Jack turns beet-red, and all traces of the smile vanish. “Oh God, I’m sorry. I didn’t mean to steal from…” His voice trails off. He looks at his boots for a moment, then back up, straight in the Doctor’s eyes. “Well, actually, I did.”
He keeps his face serious. Lets the lad squirm for a bit. Maybe he’s being petty, but it’s gratifying. But he’s got to admire the honesty, so after a minute, he nods. “You thought I was gonna set you down God knows where. Wanted to be as prepared as possible. Understandable. But just to make sure it doesn’t happen again-” He feels Jack’s arm tense under his hand. Nice to know he can keep the bloke on his toes “-I hereby declare that room an’ whatever’s in it yours. Can’t steal it if you own it.” He grins to show that he’s teasing.
After a moment, Jack grins back. “Down there, under the stairs, past the bins?”
“Fifth door on your left.” He gently shoves Jack’s shoulder as the lad turns to go. “Hurry up, an’ get your arse to the control room when you look presentable.”
The so-called “Wardrobe Room” is more like a Wardrobe Palace. Jack’s not sure he’s ever seen so many clothes in one place, and he’s been to Sartoria IV during festival week.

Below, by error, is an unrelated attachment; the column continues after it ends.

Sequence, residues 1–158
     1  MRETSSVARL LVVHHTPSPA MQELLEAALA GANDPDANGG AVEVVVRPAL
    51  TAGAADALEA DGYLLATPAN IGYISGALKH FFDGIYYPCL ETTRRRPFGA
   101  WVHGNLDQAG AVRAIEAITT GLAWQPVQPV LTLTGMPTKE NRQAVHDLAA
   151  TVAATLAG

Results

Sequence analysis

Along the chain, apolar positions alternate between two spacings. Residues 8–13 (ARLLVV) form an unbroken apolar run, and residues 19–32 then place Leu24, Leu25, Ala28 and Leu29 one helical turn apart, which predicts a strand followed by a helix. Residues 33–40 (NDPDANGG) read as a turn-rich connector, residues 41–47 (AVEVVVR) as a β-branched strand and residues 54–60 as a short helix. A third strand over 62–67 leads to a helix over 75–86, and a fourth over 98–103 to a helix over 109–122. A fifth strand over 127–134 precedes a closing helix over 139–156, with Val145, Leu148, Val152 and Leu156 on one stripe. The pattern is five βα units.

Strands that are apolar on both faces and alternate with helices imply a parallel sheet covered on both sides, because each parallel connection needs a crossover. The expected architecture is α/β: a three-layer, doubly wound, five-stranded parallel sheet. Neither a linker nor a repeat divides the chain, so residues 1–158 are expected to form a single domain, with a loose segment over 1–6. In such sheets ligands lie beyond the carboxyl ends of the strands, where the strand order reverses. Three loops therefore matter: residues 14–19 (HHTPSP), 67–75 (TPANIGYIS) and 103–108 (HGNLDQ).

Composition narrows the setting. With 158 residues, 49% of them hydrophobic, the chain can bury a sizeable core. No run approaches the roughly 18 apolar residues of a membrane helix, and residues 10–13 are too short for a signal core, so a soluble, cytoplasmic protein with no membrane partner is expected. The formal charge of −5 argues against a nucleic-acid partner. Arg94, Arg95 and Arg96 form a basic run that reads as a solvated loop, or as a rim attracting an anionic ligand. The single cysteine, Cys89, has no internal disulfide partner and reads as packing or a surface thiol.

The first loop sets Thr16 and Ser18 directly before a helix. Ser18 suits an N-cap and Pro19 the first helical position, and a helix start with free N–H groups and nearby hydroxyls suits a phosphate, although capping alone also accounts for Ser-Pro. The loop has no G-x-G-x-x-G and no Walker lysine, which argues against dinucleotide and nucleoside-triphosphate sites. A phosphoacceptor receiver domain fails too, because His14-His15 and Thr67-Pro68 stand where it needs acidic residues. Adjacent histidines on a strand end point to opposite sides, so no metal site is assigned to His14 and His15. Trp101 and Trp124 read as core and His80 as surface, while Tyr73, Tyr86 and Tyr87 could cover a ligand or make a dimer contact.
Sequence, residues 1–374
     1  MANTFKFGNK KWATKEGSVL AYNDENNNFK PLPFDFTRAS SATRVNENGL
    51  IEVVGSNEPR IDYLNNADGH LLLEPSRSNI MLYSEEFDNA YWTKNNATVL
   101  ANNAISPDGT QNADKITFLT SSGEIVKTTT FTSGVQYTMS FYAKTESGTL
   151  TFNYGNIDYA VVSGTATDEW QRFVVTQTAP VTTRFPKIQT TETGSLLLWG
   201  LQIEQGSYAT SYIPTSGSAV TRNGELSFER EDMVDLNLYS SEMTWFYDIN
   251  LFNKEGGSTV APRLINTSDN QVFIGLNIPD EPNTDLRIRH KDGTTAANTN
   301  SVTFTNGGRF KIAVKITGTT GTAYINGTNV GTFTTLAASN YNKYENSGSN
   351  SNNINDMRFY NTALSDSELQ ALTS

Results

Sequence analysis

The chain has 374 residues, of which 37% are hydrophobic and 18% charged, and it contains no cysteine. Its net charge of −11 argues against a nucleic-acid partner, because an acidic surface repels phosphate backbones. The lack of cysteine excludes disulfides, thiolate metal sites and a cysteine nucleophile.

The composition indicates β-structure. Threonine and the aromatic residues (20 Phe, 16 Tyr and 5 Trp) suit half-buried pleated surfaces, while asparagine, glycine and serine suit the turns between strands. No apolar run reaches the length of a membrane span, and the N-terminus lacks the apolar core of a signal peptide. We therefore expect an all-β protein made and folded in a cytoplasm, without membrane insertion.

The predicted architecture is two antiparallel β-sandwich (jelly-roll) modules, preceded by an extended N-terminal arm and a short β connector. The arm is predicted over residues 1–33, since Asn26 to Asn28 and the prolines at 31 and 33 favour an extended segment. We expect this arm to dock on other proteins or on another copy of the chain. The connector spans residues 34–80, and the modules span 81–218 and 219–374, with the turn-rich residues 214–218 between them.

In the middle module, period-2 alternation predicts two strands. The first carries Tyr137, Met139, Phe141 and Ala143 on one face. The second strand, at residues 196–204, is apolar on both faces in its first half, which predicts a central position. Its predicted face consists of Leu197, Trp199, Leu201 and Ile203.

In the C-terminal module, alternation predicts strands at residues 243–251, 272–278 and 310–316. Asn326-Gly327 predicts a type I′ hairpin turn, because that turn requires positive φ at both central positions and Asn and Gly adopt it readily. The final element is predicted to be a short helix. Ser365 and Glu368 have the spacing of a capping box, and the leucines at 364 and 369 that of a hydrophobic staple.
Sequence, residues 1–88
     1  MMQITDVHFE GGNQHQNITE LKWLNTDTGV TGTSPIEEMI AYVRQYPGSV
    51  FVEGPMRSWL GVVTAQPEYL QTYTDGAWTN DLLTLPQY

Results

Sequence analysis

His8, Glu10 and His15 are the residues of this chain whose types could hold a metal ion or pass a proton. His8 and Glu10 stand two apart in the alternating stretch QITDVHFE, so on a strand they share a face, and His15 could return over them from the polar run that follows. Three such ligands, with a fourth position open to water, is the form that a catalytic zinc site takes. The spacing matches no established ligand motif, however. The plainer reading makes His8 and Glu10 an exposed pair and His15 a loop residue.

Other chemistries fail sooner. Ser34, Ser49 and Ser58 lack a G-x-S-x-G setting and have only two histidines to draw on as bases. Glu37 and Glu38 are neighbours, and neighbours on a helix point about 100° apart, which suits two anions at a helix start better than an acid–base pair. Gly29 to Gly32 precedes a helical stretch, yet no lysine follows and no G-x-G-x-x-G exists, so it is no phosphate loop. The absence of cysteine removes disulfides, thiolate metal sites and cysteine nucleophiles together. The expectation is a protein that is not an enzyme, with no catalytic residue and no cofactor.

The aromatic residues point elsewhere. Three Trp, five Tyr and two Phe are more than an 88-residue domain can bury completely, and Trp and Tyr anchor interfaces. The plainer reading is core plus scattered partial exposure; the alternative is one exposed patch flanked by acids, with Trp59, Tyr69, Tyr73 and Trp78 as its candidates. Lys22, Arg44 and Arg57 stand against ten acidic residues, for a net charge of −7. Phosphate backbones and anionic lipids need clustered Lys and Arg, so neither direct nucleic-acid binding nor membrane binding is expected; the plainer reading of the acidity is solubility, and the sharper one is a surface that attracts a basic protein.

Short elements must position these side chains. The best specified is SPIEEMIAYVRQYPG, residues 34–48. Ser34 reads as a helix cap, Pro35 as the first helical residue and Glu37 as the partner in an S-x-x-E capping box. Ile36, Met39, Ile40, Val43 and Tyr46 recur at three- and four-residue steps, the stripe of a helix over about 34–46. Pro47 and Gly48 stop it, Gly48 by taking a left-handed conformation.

He picks a few simple, basic things. Doesn’t want to appear greedy, though he believes the Doctor’s offer is genuine. A few jeans, some slacks, an assortment of shirts. A smooth leather waistcoat, because he just can’t resist it. Some trainers, some boots — and, of course, a secure little keyring with a Deadlock hook and a ring just large enough for a Yale key.
When he enters the control room half an hour later, he just catches the tail end of what seems like a serious conversation between the Doctor and Rose. He briefly considers backing out, but they’ve seen him, so it’s too late.
“Just wanted to say that, ‘cause I realized I hadn’t before. If I hadn’t touched her…” The Doctor interrupts Rose by placing a finger gently on her lips. “Yeah, okay. You’ve said it. No more of this now. On this ship, we apologize when we mess up, right our wrongs if we can, an’ then move on. No moping an’ self-castigatin’. Them’s the rules.” His gaze flicks briefly to Jack. Clearly, those words weren’t just for Rose’s benefit.
Rose laughs. “An’ you’re particularly good at following those yourself, too.”
A sheepish grin — more open, more vulnerable than Jack had thought the Doctor capable of. Rose brings that out in people. “Well, I try, me. Work in progress.” They hug.
They’re adorable. And made for each other, though they both seem to refuse to see it. Jack smiles until he sees the Doctor’s gaze settle on him. The Time Lord’s eyes are serious, and his eyebrows are raised expectantly. As if he’s waiting for something.